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Tuesday, February 25, 2014
Ford to Ditch Microsoft Sync Technology for BlackBerry QNX, Sources Say
As reported by the Seattle Times: Ford, struggling with in-car technology flaws, will base the next-generation Sync system on BlackBerry’s QNX and no longer use Microsoft’s Windows, according to people briefed on the matter.
Using QNX will be less expensive than licensing Microsoft technology and will improve the flexibility and speed of the next Sync system, said the sources, who asked not to be identified because the decision hasn’t been made public.
Ford has more than 7 million vehicles on the road with Sync using Microsoft voice-activated software to make mobile-phone calls and play music.
The switch may help Ford, the second-largest U.S. automaker, address customer complaints about malfunctioning technology systems and touch screens, which have hurt it in surveys by J.D. Power & Associates and Consumer Reports.
For BlackBerry, it’s a vote of support for a company that lost 95 percent of its value from mid-2008 to November and saw the collapse of a proposed $4.7 billion buyout.
“This would be a huge infusion of trust and confidence to have BlackBerry and QNX expanding into a Ford,” said Thilo Koslowski, auto analyst for researcher Gartner. “This is really the crown jewel in BlackBerry’s crown and could make the rest of the company shine as well.”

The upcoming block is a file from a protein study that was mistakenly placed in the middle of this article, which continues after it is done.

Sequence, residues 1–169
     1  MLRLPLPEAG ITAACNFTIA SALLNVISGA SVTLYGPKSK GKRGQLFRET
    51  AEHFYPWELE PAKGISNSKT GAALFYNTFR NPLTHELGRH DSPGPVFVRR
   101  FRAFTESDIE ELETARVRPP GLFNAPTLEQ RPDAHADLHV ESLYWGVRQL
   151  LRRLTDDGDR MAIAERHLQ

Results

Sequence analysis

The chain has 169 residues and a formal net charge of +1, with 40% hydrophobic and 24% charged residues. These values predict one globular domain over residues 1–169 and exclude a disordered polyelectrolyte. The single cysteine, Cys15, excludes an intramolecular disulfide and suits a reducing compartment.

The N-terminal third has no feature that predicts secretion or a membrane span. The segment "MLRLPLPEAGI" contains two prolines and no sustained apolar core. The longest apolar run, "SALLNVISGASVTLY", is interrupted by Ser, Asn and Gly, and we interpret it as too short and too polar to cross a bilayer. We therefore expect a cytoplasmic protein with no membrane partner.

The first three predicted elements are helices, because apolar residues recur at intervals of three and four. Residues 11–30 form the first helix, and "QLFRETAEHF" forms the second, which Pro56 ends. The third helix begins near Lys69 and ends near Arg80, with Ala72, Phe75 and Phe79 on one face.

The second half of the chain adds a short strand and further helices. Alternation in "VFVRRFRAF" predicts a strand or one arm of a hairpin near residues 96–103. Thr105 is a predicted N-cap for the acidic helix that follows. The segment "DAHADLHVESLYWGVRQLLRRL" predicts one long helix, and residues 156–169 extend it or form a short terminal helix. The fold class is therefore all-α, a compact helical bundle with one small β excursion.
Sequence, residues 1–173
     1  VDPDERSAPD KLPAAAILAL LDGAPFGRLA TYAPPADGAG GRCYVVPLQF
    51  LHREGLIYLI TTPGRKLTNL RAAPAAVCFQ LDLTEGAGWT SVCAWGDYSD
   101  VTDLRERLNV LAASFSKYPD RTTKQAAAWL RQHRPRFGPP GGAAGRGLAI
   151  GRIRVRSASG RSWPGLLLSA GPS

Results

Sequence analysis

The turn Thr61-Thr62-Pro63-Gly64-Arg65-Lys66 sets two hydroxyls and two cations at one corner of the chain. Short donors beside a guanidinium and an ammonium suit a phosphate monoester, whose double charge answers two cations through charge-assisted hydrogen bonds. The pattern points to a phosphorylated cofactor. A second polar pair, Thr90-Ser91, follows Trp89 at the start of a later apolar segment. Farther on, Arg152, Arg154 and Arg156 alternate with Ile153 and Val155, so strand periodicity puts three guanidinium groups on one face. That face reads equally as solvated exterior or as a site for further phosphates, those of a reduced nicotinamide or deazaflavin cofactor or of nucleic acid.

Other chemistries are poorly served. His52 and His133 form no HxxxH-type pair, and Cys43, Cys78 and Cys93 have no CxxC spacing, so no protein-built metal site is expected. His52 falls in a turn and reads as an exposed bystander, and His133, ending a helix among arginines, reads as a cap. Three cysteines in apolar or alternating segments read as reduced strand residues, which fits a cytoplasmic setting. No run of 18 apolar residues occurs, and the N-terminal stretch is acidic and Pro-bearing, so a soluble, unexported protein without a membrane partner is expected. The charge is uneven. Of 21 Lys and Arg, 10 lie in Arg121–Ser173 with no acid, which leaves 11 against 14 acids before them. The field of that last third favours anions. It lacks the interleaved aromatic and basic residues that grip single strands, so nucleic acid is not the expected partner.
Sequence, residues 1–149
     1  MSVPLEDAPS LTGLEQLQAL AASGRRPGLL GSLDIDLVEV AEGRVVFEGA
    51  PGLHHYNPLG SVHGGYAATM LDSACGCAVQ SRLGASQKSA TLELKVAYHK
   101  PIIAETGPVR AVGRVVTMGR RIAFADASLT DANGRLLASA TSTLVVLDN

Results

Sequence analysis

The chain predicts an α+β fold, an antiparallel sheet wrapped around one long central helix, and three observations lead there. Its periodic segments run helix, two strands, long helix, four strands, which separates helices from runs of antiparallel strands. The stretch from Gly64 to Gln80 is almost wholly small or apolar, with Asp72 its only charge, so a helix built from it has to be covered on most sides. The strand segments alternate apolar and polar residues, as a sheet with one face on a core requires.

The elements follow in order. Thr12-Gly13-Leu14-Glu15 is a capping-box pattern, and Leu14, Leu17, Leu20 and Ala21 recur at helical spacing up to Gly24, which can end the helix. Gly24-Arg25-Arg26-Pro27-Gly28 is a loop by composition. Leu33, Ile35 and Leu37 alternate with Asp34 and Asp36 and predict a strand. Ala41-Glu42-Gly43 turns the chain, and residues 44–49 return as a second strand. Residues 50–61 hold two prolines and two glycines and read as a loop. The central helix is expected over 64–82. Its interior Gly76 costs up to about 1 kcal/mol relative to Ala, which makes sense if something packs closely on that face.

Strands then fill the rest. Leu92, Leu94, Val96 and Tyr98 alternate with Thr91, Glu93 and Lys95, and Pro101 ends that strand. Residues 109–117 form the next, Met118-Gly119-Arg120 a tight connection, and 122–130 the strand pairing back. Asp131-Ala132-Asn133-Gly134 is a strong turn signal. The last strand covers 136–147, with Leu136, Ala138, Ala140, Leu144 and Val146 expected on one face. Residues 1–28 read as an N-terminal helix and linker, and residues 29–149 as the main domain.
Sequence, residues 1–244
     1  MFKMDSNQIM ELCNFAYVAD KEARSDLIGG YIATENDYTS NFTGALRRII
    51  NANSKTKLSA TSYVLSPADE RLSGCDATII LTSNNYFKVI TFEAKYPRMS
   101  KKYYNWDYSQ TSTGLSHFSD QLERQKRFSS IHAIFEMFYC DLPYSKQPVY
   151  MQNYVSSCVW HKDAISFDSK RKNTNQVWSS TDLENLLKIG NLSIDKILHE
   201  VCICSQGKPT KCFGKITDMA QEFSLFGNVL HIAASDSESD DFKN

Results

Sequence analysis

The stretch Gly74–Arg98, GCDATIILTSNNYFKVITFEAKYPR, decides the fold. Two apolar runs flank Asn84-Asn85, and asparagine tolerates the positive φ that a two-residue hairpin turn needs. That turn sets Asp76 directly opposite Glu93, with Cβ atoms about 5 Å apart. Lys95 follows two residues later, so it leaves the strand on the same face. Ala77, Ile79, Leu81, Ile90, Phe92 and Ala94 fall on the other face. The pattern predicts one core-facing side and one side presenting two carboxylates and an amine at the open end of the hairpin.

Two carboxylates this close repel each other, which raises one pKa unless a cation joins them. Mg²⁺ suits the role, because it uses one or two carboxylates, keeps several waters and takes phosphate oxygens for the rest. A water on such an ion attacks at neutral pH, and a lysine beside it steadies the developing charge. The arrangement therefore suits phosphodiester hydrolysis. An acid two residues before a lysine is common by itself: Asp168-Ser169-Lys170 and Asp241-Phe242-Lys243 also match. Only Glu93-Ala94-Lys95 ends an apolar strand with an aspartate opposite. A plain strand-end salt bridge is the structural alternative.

BlackBerry stock rose 6.6 percent Monday while Microsoft stock slipped 0.8 percent.
“We do not discuss details of our work with others or speculate on future products for competitive reasons,” Susannah Wesley, a Ford spokeswoman, wrote in an email. Spokesmen for Redmond-based Microsoft and QNX declined to comment.
Ford has said the quality of its vehicles has been “mixed” each of the past three years and fell short of its plan to improve those results in 2013. CEO Alan Mulally was said to be a candidate to become Microsoft’s chief until early this year.
Improving Sync is crucial for Ford to draw car shoppers who are increasingly looking to be connected at all times.
In-vehicle technology is the top selling point for 39 percent of auto buyers, more than twice the 14 percent who say their first consideration is traditional performance measures such as power and speed, according to a study by the consulting firm Accenture released in December.
Ford and Lincoln ranked Nos. 26 and 27 out of 28 brands in Consumer Reports’ annual auto-reliability survey released in October.
While the Lincoln luxury line matched the industry average in J.D. Power’s Initial Quality study in June, the namesake finished 27th out of 33 brands.
Technology companies are competing to win business from automakers as in-car technology becomes an increasingly important selling point.
Google announced an alliance with General Motors, Honda, Hyundai and chipmaker Nvidia in January to bring the Android operating system to cars. Apple is working with BMW, Mercedes-Benz, Nissan and others to introduce its iOS operating system to cars with devices such as the iPhone.
BlackBerry’s QNX Software Systems can be found in cars made by Volkswagen’s Audi unit and BMW, according to its website. QNX and Microsoft are the main suppliers of automotive operating-system software, according to researcher IHS iSuppli.
The switch would be a significant blow to Microsoft’s automotive-software business because Ford is by far its biggest customer, said Gartner’s Koslowski. Microsoft also has software in Kia Motors, Fiat models, Nissan and BMW models, according to its website.
Getting into the Ford system will expand QNX’s industry-leading position for automotive entertainment operating systems, which Koslowski said he estimates is as high as 70 percent.
QNX has done a better job of integrating compatibility with other operating systems, Koslowski said.
“The industry is realizing it has to do a better job to create a unique experience for its customers,” he said.